Age 50 as Mammography Screening Threshold Proven Unfounded
Mammography Significantly Lowers Death Rate in Women 40–49
RESTON, VA — Sept. 29, 2010 — The landmark breast cancer screening study of women 40–49, published online in Cancer, has proven that annual mammography screening of women in their 40s reduces the breast cancer death rate in these women by nearly 30 percent. The results of this largest study ever conducted on women in this age group confirm that the use of the age of 50 as a threshold for breast cancer screening is scientifically unfounded. Women should begin getting annual mammograms at age 40.
“This study, which looked at the performance of screening mammography as it is actually used, rather than relying on mathematical modeling, shows without a doubt that mammography decreases deaths from breast cancer in women aged 40–49 by nearly one third. There is no excuse not to recommend that average risk women begin annual screening mammography at age 40,” said Carol H. Lee, MD, Chair of the American College of Radiology Breast Imaging Commission.
In Nov. of 2009, the United States Preventive Services Task Force (USPSTF) ignored published data showing a similar death rate reduction to this landmark trial, and withdrew support for screening women 40–49. This real world study is far more robust, based on real world numbers, and proves that the benefit is nearly twice that of the USPSTF estimate of 15 percent.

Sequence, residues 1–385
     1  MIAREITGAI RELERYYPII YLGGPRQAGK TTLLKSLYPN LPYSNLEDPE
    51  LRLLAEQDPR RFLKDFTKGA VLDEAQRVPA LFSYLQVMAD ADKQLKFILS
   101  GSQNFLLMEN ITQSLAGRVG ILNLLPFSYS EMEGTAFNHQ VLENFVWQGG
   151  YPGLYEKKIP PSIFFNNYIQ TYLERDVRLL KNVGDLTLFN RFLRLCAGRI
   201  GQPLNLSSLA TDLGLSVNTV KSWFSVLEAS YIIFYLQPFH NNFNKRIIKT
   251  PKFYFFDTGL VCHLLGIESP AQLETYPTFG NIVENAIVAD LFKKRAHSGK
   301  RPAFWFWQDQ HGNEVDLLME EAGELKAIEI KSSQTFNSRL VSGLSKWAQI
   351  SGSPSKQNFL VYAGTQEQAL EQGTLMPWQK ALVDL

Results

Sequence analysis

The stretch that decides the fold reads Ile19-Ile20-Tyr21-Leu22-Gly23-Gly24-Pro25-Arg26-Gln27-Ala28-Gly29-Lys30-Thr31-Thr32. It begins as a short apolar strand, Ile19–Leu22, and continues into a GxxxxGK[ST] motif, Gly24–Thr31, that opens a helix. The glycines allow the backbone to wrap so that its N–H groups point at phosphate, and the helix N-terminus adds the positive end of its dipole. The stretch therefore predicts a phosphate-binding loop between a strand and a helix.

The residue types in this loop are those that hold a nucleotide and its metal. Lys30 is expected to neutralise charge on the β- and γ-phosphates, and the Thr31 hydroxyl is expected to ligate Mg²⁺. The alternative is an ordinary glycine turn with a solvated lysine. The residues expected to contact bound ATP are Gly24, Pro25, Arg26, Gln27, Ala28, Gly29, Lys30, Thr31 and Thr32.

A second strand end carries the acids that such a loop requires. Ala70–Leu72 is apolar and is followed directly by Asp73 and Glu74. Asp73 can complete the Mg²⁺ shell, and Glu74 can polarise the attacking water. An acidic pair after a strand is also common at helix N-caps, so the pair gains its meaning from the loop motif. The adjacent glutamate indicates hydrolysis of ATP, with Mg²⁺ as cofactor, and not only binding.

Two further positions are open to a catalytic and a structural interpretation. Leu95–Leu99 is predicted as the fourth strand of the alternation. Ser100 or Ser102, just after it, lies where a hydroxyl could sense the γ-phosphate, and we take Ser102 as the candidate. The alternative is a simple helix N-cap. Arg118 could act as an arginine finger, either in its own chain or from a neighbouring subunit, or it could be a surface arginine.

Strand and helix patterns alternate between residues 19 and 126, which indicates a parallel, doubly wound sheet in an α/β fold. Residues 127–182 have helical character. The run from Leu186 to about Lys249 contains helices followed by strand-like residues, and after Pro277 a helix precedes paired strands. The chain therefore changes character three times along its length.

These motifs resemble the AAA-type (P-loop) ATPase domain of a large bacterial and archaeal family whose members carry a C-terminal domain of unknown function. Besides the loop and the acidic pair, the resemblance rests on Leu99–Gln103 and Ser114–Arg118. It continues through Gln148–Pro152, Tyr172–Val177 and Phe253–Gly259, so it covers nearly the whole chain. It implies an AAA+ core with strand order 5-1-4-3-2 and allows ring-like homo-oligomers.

“This study shows that annual mammograms for women 40 and over result in a tremendously significant reduction in the breast cancer death rate for women 40–49. The age of 50 is an artificial threshold that has no basis in scientific fact. The debate is now over. Women should no longer be confused about the importance of annual breast cancer screening. Mammography saves lives. If you are a woman age 40 or over, one of them could be yours,” said Phil Evans, MD, President of the Society of Breast Imaging (SBI).
The Swedish trial followed more than 600,000 women for 16 years. The number of breast cancer deaths among the women in the study who did not receive mammograms was twice as high as those who underwent screening. Breast cancer is the most common cancer in women worldwide. It kills around 465,000 people globally each year. Mammography can catch cancer early, when it is most treatable. While not a perfect test, at present, there is no other screening tool to replace it.
“It is now time to stop confusing women with conflicting information. Mammography is a lifesaver for women in their 40s. What providers need to do now is uniformly confirm for women that they need to start getting annual mammograms beginning at age 40 and work to build on the ability of mammography to detect cancer early, when it is most treatable. Mammography saves a significant number of lives in all women 40 and over. Let’s all move forward from there,” said Gail Lebovic, MD, breast surgeon and President of the American Society of Breast Disease (ASBD).
Please visit www.MammographySavesLives.org for more information regarding why women should begin getting annual mammograms at age 40 and to sign up to receive an annual email reminder to get a mammogram.
For more information or to arrange an interview with an ACR spokesperson, contact Shawn Farley at 703-648-8936 or firstname.lastname@example.org.